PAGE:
As stated, massive global HEMP's could be disastrous in its own right for sure. But the world of 2100 is a little different than our own. Computers have gotten smaller and are thus more susceptible to electronic noise so they are also better shielded and have greater redundancy built in, as a result, may fair better in an EMP. Also, (hopefully) advancements in nanotech would allow for SOC devices to have their own repair mechanisms and/or naturally resilient circuits. For larger infrastructure we may have gotten around to actually protecting against Solar Storms which will serve to protect from the E3 Pulse. Additionally, seeing that it is somewhat of a troublesome time it's fair to assume that EMP resistant infrastructure may be mandated. So it may very well be reasonable to assume that the EMP's would not do much damage.

Purely fusion weapons would have little to no fallout, unless they were designed to. At the altitude stated little radiation from the blasts, if any at all, would make it to the ground because of the atmosphere. Without knowing the yields of the weapons other effects may include: blindness, extreme weather from localized heating (which at the altitude stated would take enormous weapons or high concentrations of detonations).

In Space

All satellites/space stations in LEO are probably toast as a direct result of the blast effects. Stations with polar orbits may fair better, but if the actual engagement is occurring in LEO that's a very bad place to be. As a result of the distance and improvements in EMP resistance things in higher orbits should actually be okay during the nuclear strikes.

After the action the Van Allen Belts (especially the inner) would see an enormous increse in radioactivity because the fusion bombs liberate plenty of particles. Things/people not extra rad hard would not do well against that. There is also what is left of the fleet itself; presumably many thousands, if not millions, of tons of vaporized ship that would be blasted into all kinds of orbits. Effectively sand blasting anything it encounters. It would also help deorbit things by increasing drag and probably interfere with radio signals between earth and space. For items not vaporized, you now have hyper velocity shrapnel to deal with and of course, the remaining wreckage of the ships.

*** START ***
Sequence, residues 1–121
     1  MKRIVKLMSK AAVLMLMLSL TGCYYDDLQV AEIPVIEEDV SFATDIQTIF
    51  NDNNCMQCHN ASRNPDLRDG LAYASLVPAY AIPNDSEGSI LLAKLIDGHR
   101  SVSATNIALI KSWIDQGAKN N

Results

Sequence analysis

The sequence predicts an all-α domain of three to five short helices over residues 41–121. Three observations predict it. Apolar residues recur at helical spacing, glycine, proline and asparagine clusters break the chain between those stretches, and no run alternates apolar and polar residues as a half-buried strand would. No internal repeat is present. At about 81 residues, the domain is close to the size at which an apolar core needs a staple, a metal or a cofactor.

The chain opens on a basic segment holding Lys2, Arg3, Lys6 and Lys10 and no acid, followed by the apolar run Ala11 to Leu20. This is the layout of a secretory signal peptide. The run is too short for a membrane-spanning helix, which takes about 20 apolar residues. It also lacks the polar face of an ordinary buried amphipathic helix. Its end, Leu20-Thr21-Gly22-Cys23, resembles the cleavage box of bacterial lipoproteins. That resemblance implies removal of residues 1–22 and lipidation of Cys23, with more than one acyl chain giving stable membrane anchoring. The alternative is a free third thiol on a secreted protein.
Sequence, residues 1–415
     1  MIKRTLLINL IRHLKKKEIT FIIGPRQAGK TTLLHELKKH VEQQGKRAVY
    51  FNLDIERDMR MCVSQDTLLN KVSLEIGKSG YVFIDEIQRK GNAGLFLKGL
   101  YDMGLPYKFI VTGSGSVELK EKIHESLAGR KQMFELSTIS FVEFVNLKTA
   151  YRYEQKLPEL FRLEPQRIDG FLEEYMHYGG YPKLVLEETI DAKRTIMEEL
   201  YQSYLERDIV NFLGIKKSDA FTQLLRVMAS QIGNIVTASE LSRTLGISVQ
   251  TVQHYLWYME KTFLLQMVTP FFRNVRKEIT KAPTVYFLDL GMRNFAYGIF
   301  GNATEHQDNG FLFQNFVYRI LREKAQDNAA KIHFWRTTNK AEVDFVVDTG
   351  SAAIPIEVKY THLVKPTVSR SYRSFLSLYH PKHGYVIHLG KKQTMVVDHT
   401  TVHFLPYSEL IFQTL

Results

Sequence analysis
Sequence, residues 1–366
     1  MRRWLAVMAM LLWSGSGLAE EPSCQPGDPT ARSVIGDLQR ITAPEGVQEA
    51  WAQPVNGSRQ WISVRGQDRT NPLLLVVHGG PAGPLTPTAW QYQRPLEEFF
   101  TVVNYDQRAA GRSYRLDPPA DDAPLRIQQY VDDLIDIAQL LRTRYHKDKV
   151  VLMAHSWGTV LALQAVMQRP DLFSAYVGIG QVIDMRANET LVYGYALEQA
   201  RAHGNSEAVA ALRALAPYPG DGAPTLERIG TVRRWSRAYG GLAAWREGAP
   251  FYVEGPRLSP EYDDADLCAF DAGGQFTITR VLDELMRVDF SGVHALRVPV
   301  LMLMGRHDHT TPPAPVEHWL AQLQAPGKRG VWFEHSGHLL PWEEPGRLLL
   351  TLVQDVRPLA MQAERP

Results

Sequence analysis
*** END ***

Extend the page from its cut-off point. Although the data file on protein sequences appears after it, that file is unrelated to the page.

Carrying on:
Summary

Most people on Earth, probably okay. LEO will be hazardous for years and require extensive clean up before it is safe. Beautiful night skyies because of nuclear detonations, auroras, and falling spacecraft.

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  • $\begingroup$ Interesting range in answers so far. So lowering the height of detonations would both decrease the effect of the EMPs and increase the fallout that would reach the ground correct? But given the amount of nuclear weapons going off it's unlikely to matter EMP wise? $\endgroup$ – Mormacil Mar 19 '17 at 23:48
  • $\begingroup$ With fusion weapons, it's not the actual fallout of radioactive particles, but it's the pulse of radiation from the reaction itself; in either case yes, lower to the ground more radioactivity less EMP. But then you start getting the actual blast effects and extreme weather from heating. $\endgroup$ – Joe Kissling Mar 19 '17 at 23:55
  • $\begingroup$ Well your answer made it sound like Earth itself would be pretty well off afterwards/ Sure it will take a while to get back into space effectively but beyond that. See story-wise I aimed at not an extinction event but still a clear worldwide disaster. $\endgroup$ – Mormacil Mar 19 '17 at 23:58